When Boccherini's six quintets for flute and string quartet were published in 1776, the composer described them as "opera piccolo" (little works) because of their generally brief character. But in these splendid performances by Italian Auser Musici, the flute quintets need no disclaimers, and they sound fully equal to the composer's string quintets. Flutist Carlo Ipata takes the lead, and his playing perfectly matches Boccherini's sweet-toned but technically challenging music.
The ensemble L`Archibudelli and the cellist Anner Bylsma, together with the wonderful soprano Roberta Invernizzi, have once again recorded the exceptionally well-rehearsed Mass by Luigi Boccherini in a fantastic recording. Despite minimal use without choir and winds, the listener is captivated by the drama of each movement. Rberta Invernizzi brings out in a clear and fine voice every single twist of this interesting work and the string ensemble shines with powerful, gripping sound and wonderful slow movements. The Stabat Mater is supplemented by the String Quintet op. 42.
Boccherini wrote very little vocal music; however he left two settings of the Stabat mater. It was first set in 1781 for solo soprano and strings and then in 1800 for two sopranos and tenor, obviously influenced by the hugely-popular Pergolesi Stabat mater of 1736. There are many similarities in the notation and harmony—even the same key of F minor is used. The writing is of extraordinary individuality and seems to come straight from the heart. This unjustly neglected piece is surely one of the most remarkable sacred compostions of the era.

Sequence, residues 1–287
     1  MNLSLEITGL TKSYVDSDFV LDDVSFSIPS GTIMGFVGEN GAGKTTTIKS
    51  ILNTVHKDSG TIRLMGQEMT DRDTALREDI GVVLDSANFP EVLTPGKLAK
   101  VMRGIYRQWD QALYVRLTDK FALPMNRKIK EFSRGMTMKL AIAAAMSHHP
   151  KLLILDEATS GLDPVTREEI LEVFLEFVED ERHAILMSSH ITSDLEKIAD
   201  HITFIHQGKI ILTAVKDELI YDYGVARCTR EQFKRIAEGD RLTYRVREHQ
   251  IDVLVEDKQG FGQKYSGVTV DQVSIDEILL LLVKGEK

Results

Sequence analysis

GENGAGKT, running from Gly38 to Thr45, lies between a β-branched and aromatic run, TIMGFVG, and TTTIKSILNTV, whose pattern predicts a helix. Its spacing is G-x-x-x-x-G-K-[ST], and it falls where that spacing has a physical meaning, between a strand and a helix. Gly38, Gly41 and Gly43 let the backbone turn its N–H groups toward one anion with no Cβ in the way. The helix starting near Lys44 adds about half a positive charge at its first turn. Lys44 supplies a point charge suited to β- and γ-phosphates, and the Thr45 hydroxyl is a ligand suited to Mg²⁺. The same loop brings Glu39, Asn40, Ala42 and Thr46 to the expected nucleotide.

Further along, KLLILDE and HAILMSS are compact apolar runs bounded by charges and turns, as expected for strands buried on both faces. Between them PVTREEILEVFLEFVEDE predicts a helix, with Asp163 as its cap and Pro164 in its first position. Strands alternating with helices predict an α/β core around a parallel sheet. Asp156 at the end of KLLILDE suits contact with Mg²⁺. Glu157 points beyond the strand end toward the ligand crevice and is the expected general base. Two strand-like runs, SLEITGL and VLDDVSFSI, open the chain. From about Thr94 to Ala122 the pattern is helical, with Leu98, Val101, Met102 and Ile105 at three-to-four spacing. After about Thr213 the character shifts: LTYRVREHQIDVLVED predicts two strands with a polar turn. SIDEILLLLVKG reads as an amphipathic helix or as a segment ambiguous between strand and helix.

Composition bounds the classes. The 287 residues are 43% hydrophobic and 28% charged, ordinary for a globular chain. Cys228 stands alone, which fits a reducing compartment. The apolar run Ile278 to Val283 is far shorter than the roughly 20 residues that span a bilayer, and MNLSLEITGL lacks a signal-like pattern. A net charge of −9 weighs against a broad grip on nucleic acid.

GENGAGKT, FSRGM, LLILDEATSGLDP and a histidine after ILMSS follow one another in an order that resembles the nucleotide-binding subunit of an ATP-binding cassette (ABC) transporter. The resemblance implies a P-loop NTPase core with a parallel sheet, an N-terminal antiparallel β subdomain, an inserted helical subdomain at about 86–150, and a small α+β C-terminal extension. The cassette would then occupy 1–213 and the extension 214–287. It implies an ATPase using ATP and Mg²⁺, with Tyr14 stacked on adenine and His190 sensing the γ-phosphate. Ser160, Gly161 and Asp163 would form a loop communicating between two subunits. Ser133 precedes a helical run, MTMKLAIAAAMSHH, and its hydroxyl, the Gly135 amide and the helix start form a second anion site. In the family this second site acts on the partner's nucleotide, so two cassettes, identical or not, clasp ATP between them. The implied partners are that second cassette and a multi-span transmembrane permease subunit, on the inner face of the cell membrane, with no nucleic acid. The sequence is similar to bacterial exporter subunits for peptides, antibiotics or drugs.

Emanuele d'Astorga was one of the most colourful figures in early eighteenth-century music and his life has often been the subject of legend rather than fact (brief details of which can be discovered in Robert King's illuminating booklet notes). During his life, Astorga was best known for his well-written and tuneful chamber cantatas (of which more than 150 survive) and his opera Dafni (only Act 1 now survives). But by far his most enduring work has proved to be this setting of the Stabat mater, his only surviving sacred composition. Throughout it we hear Astorga's gift for writing warm melodies, typical of the Neapolitan style of the time, and how he captures the melancholy of this most desolate of sacred texts.
A consummate artist whose approach to the cello was directed toward breathing life into the music, Paul Tortelier earned the respect and affection of countless colleagues. An enduring friendship with Pablo Casals found him playing, in the words of a French critic, Apollo to Casals' Jupiter. Like Casals, Tortelier emphasized using but one finger at a time on the string to allow free vibration. Fantasy and emotional freedom marked his performances and attracted numerous young players.
Though born in Italy, Luigi Boccherini was based for most of his life in Madrid, where he played the cello and wrote more than a hundred string quintets. They’re perfectly formed from the simplest chords, and not without their touches of profundity. The cello sonatas sound at times too much like performers’ music. The explanation lies in changing styles of string technique and the rise of the piano, though Anner Bylsma’s playing gives them a new lease of life.– Nicholas Williams